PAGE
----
The Government is reassessing its credit insurance top-up scheme as it emerged only a handful of businesses have taken up the scheme.
The Government is now believed to be urging businesses to find alternative ways of managing their risk other than turning to credit insurers.
Sources close to the Department for Business, Innovation and Skills (BIS) said the Government had admitted there are “fundamental problems” with the way such insurance firms operate, referring to credit insurers as “fair weather friends”.
A BRC report revealed more than half of large retailers found the reduction or withdrawal of credit insurance had undermined their ability to trade in the past three months. Retailers including Focus and First Quench have suffered after having insurance cut, and the withdrawal of cover on Woolworths was seen as part of the reason why it collapsed.
The BRC welcomed last month’s announcement that the trade credit insurance top-up scheme is being backdated to 1 October, but is calling on the Government to extend the date to 1 April 2008 – when insurers began removing cover as the downturn began.
Jane Milne, BRC business environment director, said: “For retailers to survive the current tough trading conditions and keep staff in work they need have to have sufficient stock. This is especially important in the run up to Christmas – which is the most important trading period for most retailers.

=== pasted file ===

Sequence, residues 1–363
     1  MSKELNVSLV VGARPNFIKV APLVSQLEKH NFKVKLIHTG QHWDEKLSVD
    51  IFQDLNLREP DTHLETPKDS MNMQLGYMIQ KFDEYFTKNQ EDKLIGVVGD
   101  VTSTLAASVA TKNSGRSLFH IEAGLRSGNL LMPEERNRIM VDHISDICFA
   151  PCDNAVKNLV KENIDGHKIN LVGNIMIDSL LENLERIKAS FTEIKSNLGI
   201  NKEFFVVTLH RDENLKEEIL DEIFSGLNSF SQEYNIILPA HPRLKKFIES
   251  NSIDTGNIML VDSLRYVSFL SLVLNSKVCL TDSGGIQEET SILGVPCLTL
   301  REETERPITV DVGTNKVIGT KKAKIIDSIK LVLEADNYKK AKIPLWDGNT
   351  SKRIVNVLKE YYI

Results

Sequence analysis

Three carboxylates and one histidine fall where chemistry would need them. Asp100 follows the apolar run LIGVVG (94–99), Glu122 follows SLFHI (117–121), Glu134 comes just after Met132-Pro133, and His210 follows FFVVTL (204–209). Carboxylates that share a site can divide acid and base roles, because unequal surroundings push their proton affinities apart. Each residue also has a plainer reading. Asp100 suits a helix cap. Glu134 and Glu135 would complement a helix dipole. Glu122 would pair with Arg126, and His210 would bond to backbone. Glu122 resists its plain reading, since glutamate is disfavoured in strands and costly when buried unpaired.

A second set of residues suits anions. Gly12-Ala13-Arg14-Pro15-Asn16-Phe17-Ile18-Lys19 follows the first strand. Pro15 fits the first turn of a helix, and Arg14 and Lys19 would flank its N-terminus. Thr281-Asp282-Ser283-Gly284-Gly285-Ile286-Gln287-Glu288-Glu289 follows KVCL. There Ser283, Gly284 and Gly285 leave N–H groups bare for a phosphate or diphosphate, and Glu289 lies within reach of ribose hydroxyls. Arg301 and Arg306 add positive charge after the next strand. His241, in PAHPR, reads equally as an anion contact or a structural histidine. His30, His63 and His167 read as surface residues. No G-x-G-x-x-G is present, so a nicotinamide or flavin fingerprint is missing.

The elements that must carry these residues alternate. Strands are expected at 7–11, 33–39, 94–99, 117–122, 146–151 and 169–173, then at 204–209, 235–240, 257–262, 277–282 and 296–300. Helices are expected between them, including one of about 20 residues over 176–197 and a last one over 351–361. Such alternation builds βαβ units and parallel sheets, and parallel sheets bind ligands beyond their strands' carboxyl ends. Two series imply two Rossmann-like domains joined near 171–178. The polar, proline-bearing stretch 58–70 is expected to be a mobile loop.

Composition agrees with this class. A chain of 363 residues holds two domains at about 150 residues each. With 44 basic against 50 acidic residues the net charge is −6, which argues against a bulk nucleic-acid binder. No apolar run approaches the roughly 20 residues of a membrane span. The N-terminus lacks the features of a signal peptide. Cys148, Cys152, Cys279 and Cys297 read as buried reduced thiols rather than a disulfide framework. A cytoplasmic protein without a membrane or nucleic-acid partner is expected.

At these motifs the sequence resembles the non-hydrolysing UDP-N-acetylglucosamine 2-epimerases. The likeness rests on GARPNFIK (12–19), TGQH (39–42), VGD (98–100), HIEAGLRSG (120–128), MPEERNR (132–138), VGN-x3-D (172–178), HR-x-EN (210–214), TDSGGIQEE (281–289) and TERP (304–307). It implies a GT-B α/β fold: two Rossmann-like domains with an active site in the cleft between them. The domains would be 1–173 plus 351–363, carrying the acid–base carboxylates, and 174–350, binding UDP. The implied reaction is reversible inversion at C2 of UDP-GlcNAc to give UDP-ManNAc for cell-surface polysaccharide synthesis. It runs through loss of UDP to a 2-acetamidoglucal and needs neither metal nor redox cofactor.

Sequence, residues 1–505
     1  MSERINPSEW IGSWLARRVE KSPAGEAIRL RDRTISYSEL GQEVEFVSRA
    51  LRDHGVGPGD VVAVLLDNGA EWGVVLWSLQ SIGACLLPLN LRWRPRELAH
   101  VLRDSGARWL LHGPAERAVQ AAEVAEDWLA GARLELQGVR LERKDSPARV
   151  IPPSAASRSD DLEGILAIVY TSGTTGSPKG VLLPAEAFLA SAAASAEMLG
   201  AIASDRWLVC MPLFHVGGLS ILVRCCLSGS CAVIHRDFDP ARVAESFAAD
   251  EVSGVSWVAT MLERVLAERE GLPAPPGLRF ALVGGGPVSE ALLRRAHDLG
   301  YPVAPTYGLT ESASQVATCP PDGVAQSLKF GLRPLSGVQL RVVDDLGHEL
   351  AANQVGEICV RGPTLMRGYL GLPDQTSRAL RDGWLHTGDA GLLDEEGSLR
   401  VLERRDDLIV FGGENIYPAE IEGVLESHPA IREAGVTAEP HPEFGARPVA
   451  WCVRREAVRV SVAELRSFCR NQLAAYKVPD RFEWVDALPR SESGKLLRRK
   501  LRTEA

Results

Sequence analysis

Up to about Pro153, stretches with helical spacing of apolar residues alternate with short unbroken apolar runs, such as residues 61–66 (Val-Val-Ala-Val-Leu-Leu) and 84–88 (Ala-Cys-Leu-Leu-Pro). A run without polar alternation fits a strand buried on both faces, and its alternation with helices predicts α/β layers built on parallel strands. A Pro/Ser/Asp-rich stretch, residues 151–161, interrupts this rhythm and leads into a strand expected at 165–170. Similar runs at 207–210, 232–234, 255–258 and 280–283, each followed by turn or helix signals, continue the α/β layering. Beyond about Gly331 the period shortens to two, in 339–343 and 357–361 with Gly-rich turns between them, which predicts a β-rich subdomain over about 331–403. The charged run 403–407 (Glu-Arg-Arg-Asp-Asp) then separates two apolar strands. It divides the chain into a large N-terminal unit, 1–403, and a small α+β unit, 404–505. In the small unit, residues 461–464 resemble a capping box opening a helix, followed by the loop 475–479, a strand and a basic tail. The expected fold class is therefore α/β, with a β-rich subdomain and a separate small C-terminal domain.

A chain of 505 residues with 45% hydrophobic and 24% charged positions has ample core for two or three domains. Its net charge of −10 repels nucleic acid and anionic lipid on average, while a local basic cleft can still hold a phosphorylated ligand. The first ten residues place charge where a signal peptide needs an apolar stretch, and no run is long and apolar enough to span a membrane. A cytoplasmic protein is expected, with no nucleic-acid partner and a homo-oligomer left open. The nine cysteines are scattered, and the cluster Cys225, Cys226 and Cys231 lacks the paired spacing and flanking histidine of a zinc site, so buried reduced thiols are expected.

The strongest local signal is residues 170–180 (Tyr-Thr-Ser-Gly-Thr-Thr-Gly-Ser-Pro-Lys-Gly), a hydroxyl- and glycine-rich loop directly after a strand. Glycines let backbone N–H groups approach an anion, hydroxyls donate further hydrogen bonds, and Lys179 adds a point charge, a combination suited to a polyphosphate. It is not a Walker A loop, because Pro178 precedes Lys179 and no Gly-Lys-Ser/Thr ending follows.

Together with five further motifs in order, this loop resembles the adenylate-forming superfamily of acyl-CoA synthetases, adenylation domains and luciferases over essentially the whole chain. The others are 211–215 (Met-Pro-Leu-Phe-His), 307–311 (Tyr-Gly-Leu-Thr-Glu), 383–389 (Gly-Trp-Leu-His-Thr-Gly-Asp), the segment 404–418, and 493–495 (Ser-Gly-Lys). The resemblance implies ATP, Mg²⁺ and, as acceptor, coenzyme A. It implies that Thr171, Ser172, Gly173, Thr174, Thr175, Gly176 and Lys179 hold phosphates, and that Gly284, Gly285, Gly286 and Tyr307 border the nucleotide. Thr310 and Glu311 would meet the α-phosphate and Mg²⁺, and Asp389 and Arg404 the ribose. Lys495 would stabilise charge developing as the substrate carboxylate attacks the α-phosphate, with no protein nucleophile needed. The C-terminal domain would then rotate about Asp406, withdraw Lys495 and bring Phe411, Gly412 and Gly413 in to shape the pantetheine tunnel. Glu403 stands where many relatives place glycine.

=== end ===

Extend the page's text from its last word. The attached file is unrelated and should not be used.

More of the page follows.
“Extending the trade credit insurance top-scheme will help, but we’re calling on the Government to extend the scheme to last April – when the recession started to bite.”
Ministers met last week to discuss how to formulate a new credit insurance model. The source added the Government recognised its scheme “has not been a raging success”.
A BIS spokeswoman said: “We will be keeping the scheme under review and will consider changes as appropriate.” However, any changes will not include helping companies that have had their credit insurance removed completely.
The BRC said more than two thirds of large retailers believe credit insurers are not in a position to assess risk accurately.
Deferring the bill
The BRC expects several retailers to postpone 3 per cent of their business rates bill as the Government deferral scheme launches today.
In a victory for Retail Week’s Rate Rage campaign, the Government bowed to pressure and agreed to allow businesses to put off some of their payments.
The BRC said it had received a “positive response” from a number of small and large retailers.
Halfords is choosing to defer, despite the scheme’s complicated nature. Finance director Nick Wharton said: “It’s a cash flow benefit, so we’ll go through the hoops.”